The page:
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June 3, 2010

TfL looking at Oyster alternatives

James Davlouros, Mastercard's vice president for innovative platforms, said that the payments specialist was in talks with Transport for London (Tfl) about providing a new way for travellers to combine a contactless payment system on to their mobile phones. Speaking at Mastercard Europe's Debit and Prepaid Conference in Budapest, Davlouros told Cards International that one of the solutions being talked about was a chip attached to a slimline transmitter that could be attached to a mobile phone

By Verdict Staff

(Free) James Davlouros, Mastercard’s vice president for innovative platforms, has revealed that the payments specialist was in talks with Transport for London (Tfl) along with several other market players about providing a new way for travellers to combine a contactless payment system on to their mobile phones.
Speaking at Mastercard Europe’s Debit and Prepaid Conference in Budapest, Davlouros told Cards International that one of the solutions being talked about was a chip attached to a slimline transmitter that could be attached to a mobile phone. He said that this coud be used in exactly the same way that an Oystercard would be – as a contactless card, tapping a pad on entry to pay for travel.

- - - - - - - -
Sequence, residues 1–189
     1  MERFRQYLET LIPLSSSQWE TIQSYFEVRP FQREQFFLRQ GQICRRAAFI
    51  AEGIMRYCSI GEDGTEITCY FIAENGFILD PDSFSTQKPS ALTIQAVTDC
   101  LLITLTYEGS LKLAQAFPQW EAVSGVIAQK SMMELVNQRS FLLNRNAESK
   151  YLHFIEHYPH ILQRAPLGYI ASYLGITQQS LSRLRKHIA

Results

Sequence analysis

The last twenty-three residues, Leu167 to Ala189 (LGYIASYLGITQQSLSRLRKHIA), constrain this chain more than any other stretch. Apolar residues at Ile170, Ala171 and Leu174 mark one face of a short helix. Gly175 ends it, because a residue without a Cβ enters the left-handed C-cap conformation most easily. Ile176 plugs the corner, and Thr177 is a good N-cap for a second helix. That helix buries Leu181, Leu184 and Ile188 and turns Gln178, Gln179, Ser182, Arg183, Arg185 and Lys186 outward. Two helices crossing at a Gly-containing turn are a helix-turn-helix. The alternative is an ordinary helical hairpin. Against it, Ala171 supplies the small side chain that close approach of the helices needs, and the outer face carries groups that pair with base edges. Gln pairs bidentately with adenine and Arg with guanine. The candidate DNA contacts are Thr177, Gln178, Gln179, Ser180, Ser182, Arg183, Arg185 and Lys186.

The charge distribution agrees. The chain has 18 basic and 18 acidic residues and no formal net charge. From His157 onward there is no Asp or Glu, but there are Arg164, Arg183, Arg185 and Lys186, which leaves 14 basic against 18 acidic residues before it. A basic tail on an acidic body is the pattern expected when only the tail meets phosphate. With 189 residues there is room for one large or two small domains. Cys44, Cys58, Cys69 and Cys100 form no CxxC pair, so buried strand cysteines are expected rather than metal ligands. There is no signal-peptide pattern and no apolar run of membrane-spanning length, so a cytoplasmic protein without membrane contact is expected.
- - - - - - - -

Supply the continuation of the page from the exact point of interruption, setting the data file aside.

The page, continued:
He added that TfL was looking to make cost savings in its operations and reducing the number of Oystercards it issues as a way of saving potentially millions of pounds.
In response to the possibility of replacing Oyster cards on the London transport network, a spokesman for TfL said to CI “TfL has absolutely no plans to introduce such a mobile sticker product on London’s transport network. Oyster is the world’s most succesful transport smartcard and we expect to operate it for many years to come.”
Previously TfL has implied Oystercould be eventually phased out in favour of a contactless payment card-based system – something which would represent a huge kick-start for contactless technology in the UK. It may also have a dramatic effect on the take-up globally of contactless cards with the London Olympics in 2012 and the huge numbers of international visitors expected, who would be able to use generic contactless cards to pay for travel.
In a presentation given by Will Judge, head of future ticketing at TfL, in late September in London, he stated that TfL is also looking at ways to ‘future-proof’ its ticketing operations.
Critically, TfL seems to have opted to embrace contactless payment applications such as Visa’s payWave and MasterCard’s PayPass propositions, as opposed to pure ticketing contactless applications that can be widened for usage in non-ticketing locations. Judge said that TfL was currently considering payment industry standards, in order to “exploit fast network technologies to get complexity off the cards”.
There are £3.4 million ($6.03 million) Oyster pay-as-you-go top-ups and daily travel card sales each day, of which £2.5 million is cash. These cash sales would shift onto a contactless ‘pay-by-ride’ pricing system, bringing £930 million in extra transactions each year.

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